Reviews of individual artists, exhibits, galleries, museums, and shows.
Bayliss, Sarah. “The New Art Wallpaper: It Doesn’t Just Hang There.” The New York Times. 29 June 2003.
This overview of the Fabric Workshop’s exhibit on wallpaper art provides quotes from artists as well as collectors, and briefly discusses the history of wallpaper.
Braff, Phillis. “Materials Are Put To Use As Themes”, The New York Times. 18 November 1990.
Phillis Braff discusses work by Angela Milner, who incorporates microchips and sheet music into her prints.
Colless, Edward. “Ironic Iconoclast.” Vicnet. Feb.-Mar. 1998. Vicnet. 27 May 2008.
While reviewing Wystan Curnow’s book Imants Tillers and The Book of Power, Edward Colless describes Australian artist Imants Tillers’s work as less innovative and more “camp” or “cynical” than Curnow had originally understood it to be. Til lers, however, is commended for his post-modern approach to appropriation, and the effective mixture of minimalism with monumentalism in his works.
Eugenio Dittborn - B.1943 Chile. Lives + Works in Santiago De Chile.” Dareonline. DARE. 27 May 2008.
A quick introduction to Eugenio Dittborn’s Airmail Paintings, this article explains Dittborn’s location on the international margins of the artworld, and the commentary on the repression enacted by political images (mostly from the Pinochet regime) that he voices through his works.
Genocchio, Benjamin. “Five Centuries of Printmaking Packed into One Museum,” New York Times. April 1, 2007
Benjamin Genocchio writes a review of a survey exhibition at the Nassau County Museum of Art entitled From Rembrandt to Rosenquist. Genocchio makes an insightful comment about Rembrandt’s masterwork, “The Triumph of Mordecai” (1641) and the Dutch master’s use of multiple print processes within one work, suggesting that it is “inappropriate to think of the graphic arts as separate processes”.
Gilmour, Pat. “Thorough Translators & Thorough Poets: Robert Kushner & His Printers”, Print Collector’s Newsletter. Vol. 16, no. 5, Nov-Dec 1985. 159-164.
Pat Gilmour explores the nature of collaboration within the practice of printmaking by examining the relationship of artist Robert Kushner with various presses. He focuses on distinguishing the unique contributions of the printer from the col laboration process.
Hall, Emily. “Offend Me Please! Kara Walker’s Harsh Emotional Truths.” The Stranger. 2001.
In this short review of Kara Walker’s exhibit at the Kucera Gallery in Seattle, Emily Hall emphasizes the efficacy of Walker’s printed silhouettes. Their definite and controlled abstraction allows for a kind of subversion – indeterminacy of perception and of thought – that allows for “a disruption of history’s confident stance”.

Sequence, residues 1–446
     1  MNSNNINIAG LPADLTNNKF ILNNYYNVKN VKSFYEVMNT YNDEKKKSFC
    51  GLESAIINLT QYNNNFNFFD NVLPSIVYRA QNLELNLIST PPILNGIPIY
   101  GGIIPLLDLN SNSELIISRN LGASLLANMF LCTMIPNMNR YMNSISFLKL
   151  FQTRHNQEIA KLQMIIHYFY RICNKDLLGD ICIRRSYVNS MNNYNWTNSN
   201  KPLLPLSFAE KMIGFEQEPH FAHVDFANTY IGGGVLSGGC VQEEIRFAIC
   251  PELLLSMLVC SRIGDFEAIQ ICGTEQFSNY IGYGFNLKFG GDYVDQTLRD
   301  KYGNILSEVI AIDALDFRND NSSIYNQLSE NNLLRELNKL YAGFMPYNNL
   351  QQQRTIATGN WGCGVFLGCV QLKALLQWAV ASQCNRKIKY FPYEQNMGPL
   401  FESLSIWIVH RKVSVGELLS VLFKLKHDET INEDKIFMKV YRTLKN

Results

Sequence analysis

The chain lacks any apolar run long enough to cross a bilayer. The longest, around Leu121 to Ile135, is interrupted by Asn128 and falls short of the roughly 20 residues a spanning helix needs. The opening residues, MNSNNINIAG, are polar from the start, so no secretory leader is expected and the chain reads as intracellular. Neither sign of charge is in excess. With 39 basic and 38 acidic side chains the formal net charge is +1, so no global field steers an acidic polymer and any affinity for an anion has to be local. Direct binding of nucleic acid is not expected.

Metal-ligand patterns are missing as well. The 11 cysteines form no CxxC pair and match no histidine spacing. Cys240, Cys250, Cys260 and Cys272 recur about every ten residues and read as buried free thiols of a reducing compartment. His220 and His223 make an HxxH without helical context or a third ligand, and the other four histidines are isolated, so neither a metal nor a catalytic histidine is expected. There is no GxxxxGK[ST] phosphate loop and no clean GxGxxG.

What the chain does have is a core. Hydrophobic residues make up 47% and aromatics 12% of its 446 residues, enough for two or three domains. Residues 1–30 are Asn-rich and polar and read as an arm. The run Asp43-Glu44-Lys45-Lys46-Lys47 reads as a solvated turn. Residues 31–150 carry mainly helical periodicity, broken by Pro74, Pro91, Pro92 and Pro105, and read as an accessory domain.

Lanzilotta, Allison. “William Kentridge: Exhibit At the New Museum in SoHo.” Art Baby Art. 2001.
Allison Lanzilotta, covering the first large-scale solo William Kentridge show, calls her readers’ attention to the ways in which Kentridge’s unique stop-motion charcoal drawing-based films effectively addressed the South African apartheid.
Lyons, Beauvais. “The Cerebral Versus the Retinal in Printmaking”
This article is a section from a keynote address titled “In Praise of Neglected Printed Histories” presented by Beauvais Lyons, from University of Tennessee, Knoxville (USA) at the IMPACT Conference, Bristol, United Kingdom, September 22-25, 1999.
Beauvais Lyons examines Duchamp’s use of print techniques to create his conceptual art, locating himself as the effective precursor to the Fluxus artists. Mapping Walter Benjamin’s “The Work of Art in the Age of Mechanical Reproduction” onto Duchamp’s prints, Lyons concludes this essay by stating that “Duchamp’s use of print methods point to a middle ground, a place which employs mechanical reproduction while simultaneously using methods which retain a historical aura.”
Roob, Alexander. “On Luis Camnitzer‘s Engraving Cycles.” 2006.
Roob’s article is a brief introduction to Louis Camnitzer’s influential and visionary work in and approach to printmaking. Discussing, in particular, Camnitzer’s “Agent Orange” series, Roob also commends Camnitzer for his essay “Printmaking: A Colony of the Arts.”
Russell, John. “Controversy - and Platitudes - Writ Large.” Rev. of Committed to Print, at the Museum of Modern Art. New York Times 21 Feb. 1988.
John Russell reviews one of the first MoMA exhibits that acknowledges the controversies influencing the out side world in that historical moment (including its own inernal politics). Through a retrospective of prints that bear witness to a political or social moment, curator Deborah Wye hoped to show the force with which these artists expressed themselves in this medium. Russell, while commending specific works in the exhibit, argues that it was flat and uninteresting work on the whole.
Salkin, Allen. “Selling Himself and Prints, Too” New York Times, April 8, 2007.